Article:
SOLIDWORKS MBD: Complying with ASME Y14.5-2009 Continuous Feature Tolerances

Recently, some users have been asking about whether SOLIDWORKS MBD complies with the continuous feature requirements for ASME Y14.5-2009 standards. The standards specify two use cases shown in the figures below. One case involves coaxial same-sized holes, and the other involves multiple co-planar faces divided by grooves.

Figure 1: ASME Continuous feature standards

It is of great importance for SOLIDWORKS MBD to comply with these standards. Although these features (holes or planes) are disconnected, they are to be manufactured and inspected together continuously. Hence, they are called continuous features. I created some test models of my own to share with you how SOLIDWORKS MBD is complying with the latest industry standards.

Figure 2: Test model for continuous features, internal cylinders

Figure 3: Test model for continuous features, internal cylinders

Figure 4: Test model for continuous features, External Width

Figure 5: Test model for continuous features, External Width

I created these models to show the compliance of SOLIDWORKS MBD to the ASME continuous feature standards. Notice how MBD has the ability to highlight both features of the part when the single DimXpert annotation is selected. This graphical representation of the continuous feature helps remove any misconception during manufacturing. To achieve these results users can create a compound feature, which I demonstrate in some short videos below. Also to aid in the compliance with ASME standards users can easily add symbols to DimXpert annotations like the continuous feature symbol (CF) seen above. Symbols can be added from within the DimXpert manager under the dimension text category. Compound features and symbols are just another great way that SOLIDWORKS MBD is able to identically recreate and comply with the leading-industry standards.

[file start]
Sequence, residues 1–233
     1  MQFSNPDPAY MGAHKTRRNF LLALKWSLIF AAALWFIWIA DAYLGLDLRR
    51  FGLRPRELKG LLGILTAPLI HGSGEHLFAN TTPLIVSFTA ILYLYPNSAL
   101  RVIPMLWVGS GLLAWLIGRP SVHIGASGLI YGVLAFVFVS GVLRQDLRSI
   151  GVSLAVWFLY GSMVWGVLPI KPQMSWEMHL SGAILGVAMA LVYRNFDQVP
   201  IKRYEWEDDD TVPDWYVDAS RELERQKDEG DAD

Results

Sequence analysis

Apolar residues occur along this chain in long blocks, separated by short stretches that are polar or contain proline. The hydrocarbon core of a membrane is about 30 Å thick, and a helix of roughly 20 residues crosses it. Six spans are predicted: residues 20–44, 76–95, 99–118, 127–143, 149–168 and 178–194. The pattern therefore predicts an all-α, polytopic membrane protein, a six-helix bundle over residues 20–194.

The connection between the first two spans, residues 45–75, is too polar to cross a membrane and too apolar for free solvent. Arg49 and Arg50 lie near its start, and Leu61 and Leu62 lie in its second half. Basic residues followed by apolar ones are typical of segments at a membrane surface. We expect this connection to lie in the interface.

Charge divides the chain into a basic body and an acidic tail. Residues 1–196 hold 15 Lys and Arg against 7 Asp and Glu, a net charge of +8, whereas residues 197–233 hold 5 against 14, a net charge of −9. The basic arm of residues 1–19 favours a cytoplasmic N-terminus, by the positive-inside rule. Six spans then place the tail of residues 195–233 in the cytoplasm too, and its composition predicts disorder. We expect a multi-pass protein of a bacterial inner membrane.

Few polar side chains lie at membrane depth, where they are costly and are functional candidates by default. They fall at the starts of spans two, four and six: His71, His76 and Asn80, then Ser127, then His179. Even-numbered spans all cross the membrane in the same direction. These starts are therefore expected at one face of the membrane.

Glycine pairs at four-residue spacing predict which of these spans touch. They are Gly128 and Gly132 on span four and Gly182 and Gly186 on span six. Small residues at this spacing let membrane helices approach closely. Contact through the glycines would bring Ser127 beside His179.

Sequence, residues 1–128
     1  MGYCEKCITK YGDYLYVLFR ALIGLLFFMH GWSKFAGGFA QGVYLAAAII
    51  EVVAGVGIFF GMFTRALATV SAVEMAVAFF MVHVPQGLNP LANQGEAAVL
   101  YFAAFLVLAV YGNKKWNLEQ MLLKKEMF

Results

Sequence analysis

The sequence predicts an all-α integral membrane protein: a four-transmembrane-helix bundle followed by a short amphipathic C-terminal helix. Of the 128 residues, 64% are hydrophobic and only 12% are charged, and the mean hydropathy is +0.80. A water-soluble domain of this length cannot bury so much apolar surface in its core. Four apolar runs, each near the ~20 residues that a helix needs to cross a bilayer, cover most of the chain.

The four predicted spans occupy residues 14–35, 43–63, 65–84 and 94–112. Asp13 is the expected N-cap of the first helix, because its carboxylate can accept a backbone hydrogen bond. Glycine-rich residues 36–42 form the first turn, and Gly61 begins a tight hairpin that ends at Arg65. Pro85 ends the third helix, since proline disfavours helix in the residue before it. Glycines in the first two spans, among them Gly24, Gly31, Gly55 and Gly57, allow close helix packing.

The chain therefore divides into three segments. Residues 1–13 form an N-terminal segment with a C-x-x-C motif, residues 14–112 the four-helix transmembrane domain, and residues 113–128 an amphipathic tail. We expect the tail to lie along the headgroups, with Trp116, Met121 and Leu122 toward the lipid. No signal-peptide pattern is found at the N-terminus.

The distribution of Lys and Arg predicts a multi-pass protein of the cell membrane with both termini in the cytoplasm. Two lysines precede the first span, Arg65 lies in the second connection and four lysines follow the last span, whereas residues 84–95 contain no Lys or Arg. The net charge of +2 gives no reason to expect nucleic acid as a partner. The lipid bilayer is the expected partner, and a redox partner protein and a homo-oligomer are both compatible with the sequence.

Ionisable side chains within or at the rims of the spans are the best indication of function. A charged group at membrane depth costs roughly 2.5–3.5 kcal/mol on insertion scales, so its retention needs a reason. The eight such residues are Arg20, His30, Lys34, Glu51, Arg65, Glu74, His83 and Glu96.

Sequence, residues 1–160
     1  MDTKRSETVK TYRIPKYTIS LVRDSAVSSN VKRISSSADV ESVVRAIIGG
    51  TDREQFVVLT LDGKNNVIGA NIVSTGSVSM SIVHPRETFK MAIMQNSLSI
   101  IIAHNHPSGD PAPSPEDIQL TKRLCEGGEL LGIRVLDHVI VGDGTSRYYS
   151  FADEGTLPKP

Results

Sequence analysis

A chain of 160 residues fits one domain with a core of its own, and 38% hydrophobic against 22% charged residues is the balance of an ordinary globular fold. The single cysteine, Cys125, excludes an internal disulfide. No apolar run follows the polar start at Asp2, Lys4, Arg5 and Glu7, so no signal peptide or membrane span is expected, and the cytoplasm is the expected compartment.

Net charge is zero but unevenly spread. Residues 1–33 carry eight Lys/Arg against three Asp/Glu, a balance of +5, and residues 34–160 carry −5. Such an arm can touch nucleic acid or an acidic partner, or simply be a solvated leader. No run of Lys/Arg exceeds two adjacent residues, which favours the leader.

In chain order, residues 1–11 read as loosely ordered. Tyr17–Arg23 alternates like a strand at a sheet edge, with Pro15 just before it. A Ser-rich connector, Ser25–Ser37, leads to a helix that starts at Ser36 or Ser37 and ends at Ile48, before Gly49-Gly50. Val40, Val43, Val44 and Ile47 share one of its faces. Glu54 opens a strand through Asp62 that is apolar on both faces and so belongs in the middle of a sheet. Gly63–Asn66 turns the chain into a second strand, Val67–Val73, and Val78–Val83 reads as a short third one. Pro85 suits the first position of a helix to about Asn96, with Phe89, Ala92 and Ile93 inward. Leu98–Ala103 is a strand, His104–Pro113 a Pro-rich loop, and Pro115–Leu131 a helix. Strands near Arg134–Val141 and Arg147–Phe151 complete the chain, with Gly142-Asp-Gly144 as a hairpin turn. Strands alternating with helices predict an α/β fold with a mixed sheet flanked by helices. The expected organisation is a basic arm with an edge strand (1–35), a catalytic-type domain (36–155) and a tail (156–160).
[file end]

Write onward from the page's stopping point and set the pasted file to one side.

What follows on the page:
Figure 6: Add symbol icon (left), SOLIDWORKS Symbol library (right)

 

Chris Pagliarini

Chris Pagliarini

Chris is a Roles Portfolio Management Intern currently studying at Wentworth Institute of Technology
  • John Milbey

    This is very good information Chris! I feel more comfortable with CF now!

  • Good examples. However, just to clarify, continuous feature per Y14.5-2009 does not “require” the feature(s) be manufactured in any specific way, although they most likely will be created in a single setup or process, in most cases. With regard to inspection, it is not so much that the features are inspected continuously, the feature(s) are to be treated as a single feature of size and rule #1, the envelope principle, applies throughout the features as a single envelope. This becomes particularly important when the continuous feature is specified as a datum feature.